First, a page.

To make sure you never miss out on your favourite NEW stories, we're happy to send you some reminders
Click 'OK' then 'Allow' to enable notifications
| Last updated
You’d think Bradley Walsh has the easiest job on The Chase, simply having to turn up at the studio to read some questions out loud, letting everyone else crack on with the hard work by coming up with an answer.
But it turns out his role on the show isn’t always quite so straightforward – as proven by the fact lawyers are sometimes forced to intervene.
Walsh, 61, has hosted the game show ever since it premiered on ITV back in 2009, posing a series of questions to contestants and the professional quizzer – or ‘chaser’ - that they go up against.
He previously spoke to the Radio Times about how strict things can be when filming, explaining how the process is ‘immediately’ held up if he stumbles over his words.
Walsh, who doesn’t get to see the questions before asking them, said: “If there is a slight misread, I am stopped immediately – bang – by the lawyers.
“We have the compliance lawyers in the studio all the time. What you have to do is go back to the start of the question, literally on video tape where my mouth opens – or where it’s closed from the previous question – and the question is re-asked. It is stopped to the split second.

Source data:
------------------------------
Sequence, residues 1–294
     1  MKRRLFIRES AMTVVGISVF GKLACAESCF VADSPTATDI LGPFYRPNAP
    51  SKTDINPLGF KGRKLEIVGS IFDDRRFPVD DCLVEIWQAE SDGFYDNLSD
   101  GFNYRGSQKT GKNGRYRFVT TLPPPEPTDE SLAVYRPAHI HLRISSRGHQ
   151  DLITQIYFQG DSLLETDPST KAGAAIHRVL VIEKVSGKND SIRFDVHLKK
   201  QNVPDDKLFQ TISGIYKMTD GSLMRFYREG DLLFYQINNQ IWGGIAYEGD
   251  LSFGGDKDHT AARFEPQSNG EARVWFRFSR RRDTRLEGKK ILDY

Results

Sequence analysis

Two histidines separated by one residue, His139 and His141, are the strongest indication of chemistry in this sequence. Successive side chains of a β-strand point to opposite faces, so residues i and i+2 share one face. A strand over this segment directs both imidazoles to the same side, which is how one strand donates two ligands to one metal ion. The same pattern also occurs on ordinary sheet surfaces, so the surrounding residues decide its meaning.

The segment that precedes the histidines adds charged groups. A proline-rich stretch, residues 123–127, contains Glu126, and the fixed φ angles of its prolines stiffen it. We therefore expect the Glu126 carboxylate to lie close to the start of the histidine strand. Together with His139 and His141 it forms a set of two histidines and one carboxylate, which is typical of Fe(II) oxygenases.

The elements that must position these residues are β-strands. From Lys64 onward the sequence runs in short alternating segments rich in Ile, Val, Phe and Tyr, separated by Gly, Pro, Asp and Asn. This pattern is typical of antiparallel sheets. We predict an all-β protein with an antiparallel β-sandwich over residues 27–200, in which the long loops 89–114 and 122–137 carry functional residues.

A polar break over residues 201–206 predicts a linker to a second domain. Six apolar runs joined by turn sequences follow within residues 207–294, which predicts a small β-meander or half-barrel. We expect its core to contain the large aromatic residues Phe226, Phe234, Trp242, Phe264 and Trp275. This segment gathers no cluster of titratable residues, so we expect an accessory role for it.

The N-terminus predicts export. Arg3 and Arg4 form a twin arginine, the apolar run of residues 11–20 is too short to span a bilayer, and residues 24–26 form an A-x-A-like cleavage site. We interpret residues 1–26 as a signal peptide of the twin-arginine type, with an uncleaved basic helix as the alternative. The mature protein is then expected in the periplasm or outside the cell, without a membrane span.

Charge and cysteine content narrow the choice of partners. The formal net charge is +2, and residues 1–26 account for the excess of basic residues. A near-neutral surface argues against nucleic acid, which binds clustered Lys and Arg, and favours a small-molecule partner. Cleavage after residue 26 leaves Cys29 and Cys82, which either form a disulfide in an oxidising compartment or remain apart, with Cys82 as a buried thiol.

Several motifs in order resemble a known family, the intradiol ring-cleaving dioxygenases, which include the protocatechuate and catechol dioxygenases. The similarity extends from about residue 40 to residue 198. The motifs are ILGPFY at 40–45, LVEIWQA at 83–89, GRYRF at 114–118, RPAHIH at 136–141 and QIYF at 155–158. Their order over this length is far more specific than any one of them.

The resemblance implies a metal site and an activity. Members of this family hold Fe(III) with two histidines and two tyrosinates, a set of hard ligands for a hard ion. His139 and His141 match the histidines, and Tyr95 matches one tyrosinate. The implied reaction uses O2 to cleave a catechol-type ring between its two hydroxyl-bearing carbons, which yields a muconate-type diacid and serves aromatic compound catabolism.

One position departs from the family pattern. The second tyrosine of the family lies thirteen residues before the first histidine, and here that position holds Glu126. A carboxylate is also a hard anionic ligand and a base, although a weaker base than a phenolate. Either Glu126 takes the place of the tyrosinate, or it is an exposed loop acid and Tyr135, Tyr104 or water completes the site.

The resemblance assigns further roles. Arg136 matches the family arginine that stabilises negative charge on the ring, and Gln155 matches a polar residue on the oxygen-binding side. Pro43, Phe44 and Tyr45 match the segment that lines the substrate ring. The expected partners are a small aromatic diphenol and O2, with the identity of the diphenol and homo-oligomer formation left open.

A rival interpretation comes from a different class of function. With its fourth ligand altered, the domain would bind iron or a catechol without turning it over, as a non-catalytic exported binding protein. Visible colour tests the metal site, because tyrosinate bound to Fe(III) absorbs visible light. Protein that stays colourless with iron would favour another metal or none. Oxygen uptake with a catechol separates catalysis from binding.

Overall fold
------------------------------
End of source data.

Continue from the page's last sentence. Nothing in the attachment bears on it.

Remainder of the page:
“It means no time is lost for either the contestant or the Chaser.”
The show uses an independent professional monitoring firm called Beyond Dispute, which monitors the questions Walsh asks and ensures they are being randomly selected.
But it's not just pronunciation that Walsh needs to bear in mind, as it’s also a case of speed – especially during the Final Chase.
“You have to be at such a speed: if you’re a contestant and I go ‘what’s… the capital… of France… ’ they’d be dead and buried in thirty seconds,” he continued.
“I have to make sure they get up to speed and they’re getting about 18 or 19 questions answered correctly.”
This correct number of answers is what Walsh calls a ‘banana skin score’, which will trip the Chasers up and stop them getting too comfortable, or getting into too much of a rhythm when it's their turn.
Walsh – who takes between 3.6 and 4 seconds to ask a question – added: “They can answer 24, 25 questions in two minutes. We’ve even almost reached thirty."
Chosen for YouChosen for You
Most Read StoriesMost Read